Wednesday, August 22, 2007

Agriculture Futures Jump on Wheat Demand

Wheat prices climbed for a second day Wednesday, reflecting strong worldwide demand and strained supplies. Other agriculture futures tailed the grain higher.

Elsewhere, energy prices were mixed at midday after the government reported inventories of crude oil grew last week, although gasoline stockpiles fell sharply. Industrial metals jumped on news of robust Chinese imports, while precious metals found support in a declining U.S. dollar.

The price of wheat continues to hover at a 10-year peak on the Chicago Board of Trade, with foreign buyers unfazed by the high cost.

The U.S. has sold roughly 86 percent of what the government expects will be sold in exports all year _ far ahead of the last year's pace, when the country had sold just 27 percent at this time, said John Roach of Roach Ag. Marketing. On Tuesday, Egypt said it bought 240,000 tons of soft, red winter wheat, augmenting the country's recent buying spree.

"It's not like an 'Aha!' moment," said Roach. "We're digesting old news."

Globally, wheat stocks are extremely tight after harvests in several producing nations were damaged by poor weather.

The market also gained momentum as futures for corn, soybeans and wheat all topped what traders call important technical resistance levels early Wednesday, meaning certain contracts crossed a price threshold that can trigger additional buying.

"The professionals, including the commercials and big funds _ anybody who makes a living doing this _ uses a technical system," said DTN analyst Gary Wilhelmi. "The test for today is to see if we can hold above those points."

Currently, those key levels are $7.10 a bushel for wheat, $3.60 a bushel for corn and $8.40 a bushel for soybeans, Wilhelmi said.

December wheat surged 21 cents to $7.25 a bushel. December corn gained 6 cents a bushel to $3.61, while November soybeans added 14 cents to $8.45 a bushel.

Meanwhile, gold prices rose as the U.S. dollar receded against the euro other major world currencies, renewing investor interest in precious metals as a haven from inflation.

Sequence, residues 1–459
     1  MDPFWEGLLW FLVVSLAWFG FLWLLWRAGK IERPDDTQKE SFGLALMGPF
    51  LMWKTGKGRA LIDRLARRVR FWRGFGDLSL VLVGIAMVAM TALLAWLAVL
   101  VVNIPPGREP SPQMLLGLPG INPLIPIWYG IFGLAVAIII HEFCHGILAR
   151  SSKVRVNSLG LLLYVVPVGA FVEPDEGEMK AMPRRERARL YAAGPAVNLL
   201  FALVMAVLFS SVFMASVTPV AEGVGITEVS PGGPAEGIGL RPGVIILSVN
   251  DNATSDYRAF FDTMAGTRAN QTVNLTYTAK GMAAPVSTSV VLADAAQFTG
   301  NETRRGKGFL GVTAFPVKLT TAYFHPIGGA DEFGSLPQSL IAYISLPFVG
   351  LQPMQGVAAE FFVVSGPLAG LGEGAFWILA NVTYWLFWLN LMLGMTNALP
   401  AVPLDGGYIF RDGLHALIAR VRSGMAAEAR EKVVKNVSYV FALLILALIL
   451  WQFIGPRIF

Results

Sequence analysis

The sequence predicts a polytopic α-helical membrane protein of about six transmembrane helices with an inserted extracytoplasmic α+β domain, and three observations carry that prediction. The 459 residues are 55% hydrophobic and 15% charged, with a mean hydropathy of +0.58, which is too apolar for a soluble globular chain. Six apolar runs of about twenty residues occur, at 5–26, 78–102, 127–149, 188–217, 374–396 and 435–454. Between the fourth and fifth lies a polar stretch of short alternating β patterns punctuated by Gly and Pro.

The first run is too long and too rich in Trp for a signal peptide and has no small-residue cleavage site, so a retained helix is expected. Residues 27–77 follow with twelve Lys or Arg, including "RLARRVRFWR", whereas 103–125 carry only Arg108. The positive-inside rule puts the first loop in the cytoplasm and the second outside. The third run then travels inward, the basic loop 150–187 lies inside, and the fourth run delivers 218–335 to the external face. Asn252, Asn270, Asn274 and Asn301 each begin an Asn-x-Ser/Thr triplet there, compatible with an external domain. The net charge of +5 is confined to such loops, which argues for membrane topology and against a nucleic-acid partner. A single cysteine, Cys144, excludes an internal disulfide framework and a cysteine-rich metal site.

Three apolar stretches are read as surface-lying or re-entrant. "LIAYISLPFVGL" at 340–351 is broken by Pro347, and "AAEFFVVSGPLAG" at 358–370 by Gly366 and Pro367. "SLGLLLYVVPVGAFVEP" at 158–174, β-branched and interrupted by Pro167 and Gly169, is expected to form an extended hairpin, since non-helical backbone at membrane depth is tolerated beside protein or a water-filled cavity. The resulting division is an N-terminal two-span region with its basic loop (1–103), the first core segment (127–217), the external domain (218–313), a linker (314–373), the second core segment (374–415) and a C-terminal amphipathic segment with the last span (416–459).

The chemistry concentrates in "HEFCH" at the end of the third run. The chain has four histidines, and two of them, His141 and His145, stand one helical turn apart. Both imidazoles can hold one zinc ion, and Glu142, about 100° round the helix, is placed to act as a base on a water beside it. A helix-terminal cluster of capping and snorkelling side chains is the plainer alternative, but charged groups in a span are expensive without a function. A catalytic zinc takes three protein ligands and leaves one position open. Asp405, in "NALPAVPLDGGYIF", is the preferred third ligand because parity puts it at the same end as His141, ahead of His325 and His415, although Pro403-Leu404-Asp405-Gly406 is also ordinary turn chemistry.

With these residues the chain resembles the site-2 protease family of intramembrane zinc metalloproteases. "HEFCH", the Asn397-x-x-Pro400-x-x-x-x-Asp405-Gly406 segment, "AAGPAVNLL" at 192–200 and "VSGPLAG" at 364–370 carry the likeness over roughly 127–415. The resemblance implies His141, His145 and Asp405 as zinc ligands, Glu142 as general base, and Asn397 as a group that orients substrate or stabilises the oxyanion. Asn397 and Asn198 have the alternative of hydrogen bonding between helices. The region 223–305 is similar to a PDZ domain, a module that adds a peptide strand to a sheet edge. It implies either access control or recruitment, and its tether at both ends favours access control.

December gold jumped rose $4 to $670.20 an ounce in midmorning trading on the New York Mercantile Exchange, while December silver gained 25 cents to $11.92 an ounce.

"Market focus has shifted to Fed-watching and spectating the unfolding credit and home foreclosures saga," said Jon Nadler of Kitco Bullion Dealers in a client note.

Any move the Federal Reserve makes on its benchmark interest rate _ Wall Street is angling for a cut _ will have repercussions for the U.S. dollar. Higher interest rates support a currency, while lower interest rates typically pressure a currency lower. The central bank is scheduled to meet Sept. 18 to discuss the direction of its key federal funds rate, which has been steady at 5.25 percent for more than a year.

Gold often trades opposite the dollar as investors seek a safer haven for their funds.

The euro bought $1.3491 in midmorning trading, while the British pound fetched $1.9888.

In London, industrial metals advanced broadly after Chinese trade data for July released overnight supported a view of strong demand for all the base metals but zinc. China exported more of the steel-coating metal than it imported in July. Nickel, lead and tin led the gains on the London Metal Exchange.

Copper rose nearly 2 percent in London and New York. Nymex copper for December added 6.1 cents to $3.226 a pound.

Meanwhile, oil prices weakened Wednesday after the government reported an unexpected build in crude stocks, but gasoline prices got a boost from a sharp draw on inventories.

The Energy Information Administration said crude stocks grew by 1.9 million barrels in the week ended Aug. 17, bucking analyst expectations for a decline. Analysts polled by Dow Jones Newswires had forecast a draw of 2.8 million barrels, in the vein of the huge 5.2 million-barrel draw of the prior week.

Gasoline prices rose, however, supported by a larger-than-expected drop of 5.7 million barrels in storage. Analysts had projected a slim decline of 600,000 barrels.

October light, sweet crude shed 43 cents to $69.14 a barrel on the New York Mercantile Exchange, giving up earlier gains. Gasoline for September delivery rose 1.18 cents to $1.8755 a gallon.

Hurricane Dean regained some power on Wednesday as it headed toward landfall along Mexico's Gulf coast as a Category 2 storm. Petroleos Mexicanos, the state-run oil giant, evacuated more than 18,000 workers ahead of the storm and shut down installations that produce about 2.7 million barrels of oil and 2.6 billion cubic feet of natural gas a day.

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